Flag Day, also called National Flag Day, in the United States is a day honoring the national flag and is observed on June 14. The holiday commemorates the date in 1777 when the United States approved the design for its first national flag.
The idea to set aside a day to honor the national flag came from several sources. Bernard J. Cigrand, a Wisconsin schoolteacher, in 1885 urged his students to observe June 14 as “Flag Birthday.” He later wrote an essay published in a Chicago newspaper that urged Americans to proclaim this date as the day to celebrate the flag. In 1888 William T. Kerr of Pennsylvania founded the American Flag Day Association of Western Pennsylvania, an organization to which he dedicated his life. A lesser-known claim is that of George Morris of Connecticut, who is said to have organized the first formal celebration of the day in the city of Hartford in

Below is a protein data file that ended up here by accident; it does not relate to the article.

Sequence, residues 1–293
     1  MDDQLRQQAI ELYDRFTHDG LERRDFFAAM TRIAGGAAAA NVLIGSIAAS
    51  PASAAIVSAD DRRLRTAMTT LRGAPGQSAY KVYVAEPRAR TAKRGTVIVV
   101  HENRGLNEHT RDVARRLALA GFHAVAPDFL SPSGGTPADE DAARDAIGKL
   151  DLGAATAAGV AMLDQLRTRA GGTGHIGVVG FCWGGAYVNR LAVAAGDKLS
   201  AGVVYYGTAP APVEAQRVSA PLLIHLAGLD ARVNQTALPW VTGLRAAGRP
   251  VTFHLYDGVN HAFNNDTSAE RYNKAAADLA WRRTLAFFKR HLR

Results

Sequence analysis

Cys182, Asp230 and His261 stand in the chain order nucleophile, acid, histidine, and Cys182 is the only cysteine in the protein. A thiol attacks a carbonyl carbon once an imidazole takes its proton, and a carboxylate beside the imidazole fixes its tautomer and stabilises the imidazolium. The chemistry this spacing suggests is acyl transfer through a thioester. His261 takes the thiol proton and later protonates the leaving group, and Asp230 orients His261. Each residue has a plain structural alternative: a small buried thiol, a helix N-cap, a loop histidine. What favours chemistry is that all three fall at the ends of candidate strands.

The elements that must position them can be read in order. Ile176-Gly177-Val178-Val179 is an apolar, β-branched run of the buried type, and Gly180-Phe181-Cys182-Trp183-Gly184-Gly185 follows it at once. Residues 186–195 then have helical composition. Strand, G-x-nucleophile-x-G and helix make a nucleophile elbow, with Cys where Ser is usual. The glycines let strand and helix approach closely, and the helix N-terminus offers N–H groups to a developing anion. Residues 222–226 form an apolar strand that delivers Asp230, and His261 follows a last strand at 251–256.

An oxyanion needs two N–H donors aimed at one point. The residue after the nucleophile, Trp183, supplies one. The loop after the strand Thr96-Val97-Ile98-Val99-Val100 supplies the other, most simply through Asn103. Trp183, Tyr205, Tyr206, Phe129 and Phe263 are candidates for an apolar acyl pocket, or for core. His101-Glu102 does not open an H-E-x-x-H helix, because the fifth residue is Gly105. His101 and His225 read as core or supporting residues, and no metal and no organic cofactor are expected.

Today, Flag Day is celebrated with parades, essay contests, ceremonies and picnics sponsored by veterans groups, schools, and groups like the National Flag Day foundation whose is to preserve the traditions, history, pride, and respect that are due the nation’s symbol, Old Glory. Marine Committee of the Second Continental Congress at Philadelphia on June 14, 1777. The resolution read: “Resolved, that the flag of the United States be thirteen stripes, alternate red and white; that the union be thirteen stars, white in a blue field representing a new constellation. “ In 1916 U.S. President Woodrow Wilson proclaimed June 14 as the official date for Flag Day, and in 1949 the U.S. Congress permanently established the date as National Flag Day. Although Flag Day is not an official federal holiday, Pennsylvania celebrates the day as a state holiday. Each year the U.S. president delivers an address that proclaims the week of June 14 as National Flag Week, and all Americans are encouraged to fly U.S. flags during that week.